Last Updated on November 15, 2017
Nov 15, 2017 – Ottawa is preparing for a potential new influx of Canada asylum seekers triggered by the Trump administration removing special status for 300,000 Central Americans and Haitians in the U.S.
Officials here have been on an information drive following a huge influx of illegal border crossers over the summer, as mainly-Haitian asylum seekers fearing deportation in America made their way north.
But there are a number of deadlines approaching that could mean thousands more people try their luck, particularly dangerous as the winter looms and remote crossing points become inaccessible.
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The U.S. Department of Homeland Security says it will end Temporary Protected Status for Nicaraguans in January 2019, who the same special status for Hondurans could end in July 2018 following a recent extension.
These two groups alone would see nearly 60,000 people lose their status in the U.S.
Some experts are convinced Canada will at least see another uptick in border crossings, possibly at the levels seen in Quebec in summer 2017.
Numbers spiked to 300 a day during July and August, from the normal 20 to 30, forcing a makeshift border camp to be set up to process claimants.
Meanwhile, locations including Montreal’s Olympic Stadium were used as temporary shelter for the illegal border crossers.
Some 40,000 extra asylum cases were expected to be registered with Canada’s Immigration and Refugee Board in 2017, which has the capacity to hear 24,000 cases per year and already has a backlog of 40,000.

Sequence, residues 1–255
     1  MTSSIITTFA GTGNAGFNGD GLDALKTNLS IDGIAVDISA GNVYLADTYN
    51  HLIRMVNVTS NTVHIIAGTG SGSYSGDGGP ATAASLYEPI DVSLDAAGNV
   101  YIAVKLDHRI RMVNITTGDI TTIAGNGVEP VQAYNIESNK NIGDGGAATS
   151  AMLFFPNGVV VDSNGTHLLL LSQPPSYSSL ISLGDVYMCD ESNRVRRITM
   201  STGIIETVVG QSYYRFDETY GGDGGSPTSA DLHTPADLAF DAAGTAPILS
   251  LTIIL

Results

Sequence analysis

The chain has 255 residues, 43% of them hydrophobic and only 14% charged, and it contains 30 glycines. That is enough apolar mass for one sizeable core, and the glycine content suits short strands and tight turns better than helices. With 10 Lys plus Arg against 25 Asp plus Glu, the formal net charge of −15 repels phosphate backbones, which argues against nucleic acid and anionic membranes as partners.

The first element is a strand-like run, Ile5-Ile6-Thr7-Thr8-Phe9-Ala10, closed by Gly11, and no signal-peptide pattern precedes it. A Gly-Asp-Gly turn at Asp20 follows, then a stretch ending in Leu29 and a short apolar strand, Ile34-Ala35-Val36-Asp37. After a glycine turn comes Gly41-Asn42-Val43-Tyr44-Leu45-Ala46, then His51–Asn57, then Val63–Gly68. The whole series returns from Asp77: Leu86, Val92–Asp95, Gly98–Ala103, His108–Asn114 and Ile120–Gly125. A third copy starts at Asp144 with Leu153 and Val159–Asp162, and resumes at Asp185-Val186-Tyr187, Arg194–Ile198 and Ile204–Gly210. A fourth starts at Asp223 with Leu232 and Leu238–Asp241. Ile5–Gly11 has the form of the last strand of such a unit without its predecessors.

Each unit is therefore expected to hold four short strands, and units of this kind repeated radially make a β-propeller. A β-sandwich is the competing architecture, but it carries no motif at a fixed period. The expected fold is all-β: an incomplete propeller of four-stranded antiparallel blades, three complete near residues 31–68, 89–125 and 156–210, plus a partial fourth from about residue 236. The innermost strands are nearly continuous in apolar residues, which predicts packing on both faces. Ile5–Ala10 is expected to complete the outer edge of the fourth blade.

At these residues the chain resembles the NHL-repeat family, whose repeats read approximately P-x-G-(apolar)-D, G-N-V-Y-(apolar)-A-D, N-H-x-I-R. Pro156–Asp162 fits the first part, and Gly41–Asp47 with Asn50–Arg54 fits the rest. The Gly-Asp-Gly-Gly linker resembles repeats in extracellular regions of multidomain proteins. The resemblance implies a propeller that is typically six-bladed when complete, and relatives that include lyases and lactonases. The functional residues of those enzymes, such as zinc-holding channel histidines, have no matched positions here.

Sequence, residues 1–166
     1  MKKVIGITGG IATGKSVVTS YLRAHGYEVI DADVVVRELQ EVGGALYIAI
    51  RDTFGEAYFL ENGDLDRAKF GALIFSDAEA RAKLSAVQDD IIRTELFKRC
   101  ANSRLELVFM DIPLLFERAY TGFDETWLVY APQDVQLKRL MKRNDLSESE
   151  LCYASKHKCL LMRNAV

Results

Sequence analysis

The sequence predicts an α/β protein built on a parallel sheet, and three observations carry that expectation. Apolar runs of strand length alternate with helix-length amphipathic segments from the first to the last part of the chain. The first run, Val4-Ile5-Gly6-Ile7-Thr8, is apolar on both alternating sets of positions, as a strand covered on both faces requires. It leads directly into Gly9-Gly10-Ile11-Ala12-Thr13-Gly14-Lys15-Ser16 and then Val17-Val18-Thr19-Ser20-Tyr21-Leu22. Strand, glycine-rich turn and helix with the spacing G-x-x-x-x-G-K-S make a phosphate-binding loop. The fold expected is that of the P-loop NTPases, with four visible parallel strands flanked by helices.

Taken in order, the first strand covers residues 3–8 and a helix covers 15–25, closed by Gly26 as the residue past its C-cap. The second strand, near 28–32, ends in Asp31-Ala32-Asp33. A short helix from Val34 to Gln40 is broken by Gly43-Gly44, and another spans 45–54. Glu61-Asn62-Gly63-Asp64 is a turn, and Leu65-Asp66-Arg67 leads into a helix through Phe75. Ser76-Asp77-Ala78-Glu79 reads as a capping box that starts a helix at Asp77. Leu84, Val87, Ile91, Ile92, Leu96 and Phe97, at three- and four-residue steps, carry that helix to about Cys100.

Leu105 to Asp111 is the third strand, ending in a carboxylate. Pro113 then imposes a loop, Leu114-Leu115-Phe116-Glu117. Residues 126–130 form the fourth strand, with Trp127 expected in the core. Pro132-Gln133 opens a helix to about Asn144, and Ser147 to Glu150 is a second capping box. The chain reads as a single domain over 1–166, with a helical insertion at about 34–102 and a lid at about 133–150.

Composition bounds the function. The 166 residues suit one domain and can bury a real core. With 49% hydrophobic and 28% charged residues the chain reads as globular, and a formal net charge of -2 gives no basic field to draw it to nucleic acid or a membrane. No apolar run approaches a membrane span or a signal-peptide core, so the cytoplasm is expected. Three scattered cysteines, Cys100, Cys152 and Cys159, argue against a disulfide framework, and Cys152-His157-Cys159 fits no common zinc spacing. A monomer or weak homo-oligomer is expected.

Immigration Minister Ahmed Hussen and Public Safety Minister Ralph Goodale were grilled on the situation by the federal government Standing Committee on Citizenship and Immigration in October.
Hussen insisted the situation did not reach crisis point, while Goodale was adamant security was not compromised because of the increased case load.
Stream Reduced to A Trickle
The stream of asylum seekers crossing the border has dramatically reduced since August.
The government information campaign combined with the start of the school year, is believed to be behind the dramatic reduction in numbers. Parents, no matter what their background, are always reluctant to move their children during the school year. It will also support the argument that the majority of current asylum seekers are in fact economic queue jumpers, seeking a faster entry into Canada.
Government numbers show nearly 7,000 people crossed the Quebec border in July and early August, with 2,700 of them under 18.
A federal-provincial taskforce was formed in response to the situation, including Hussen, Goodale and Quebec Immigration Minister Kathleen Weill.
Safe Third Country Agreement
There have been several calls for Canada to suspend the Safe Third Country Agreement with the U.S., which says an asylum seeker must make their claim in the first country to which they arrive. The agreement is the reason why those coming from the U.S. are electing to cross the border at remote locations, with the aim of getting arrested and entering the Canadian immigration system. Such individuals would otherwise not qualify to submit a claim as the Safe Third Country Agreement would prevent them from doing so.
However, with negotiations currently ongoing for the renegotiation of NAFTA, Canada will not want to do anything to harm its bargaining position with the USA.
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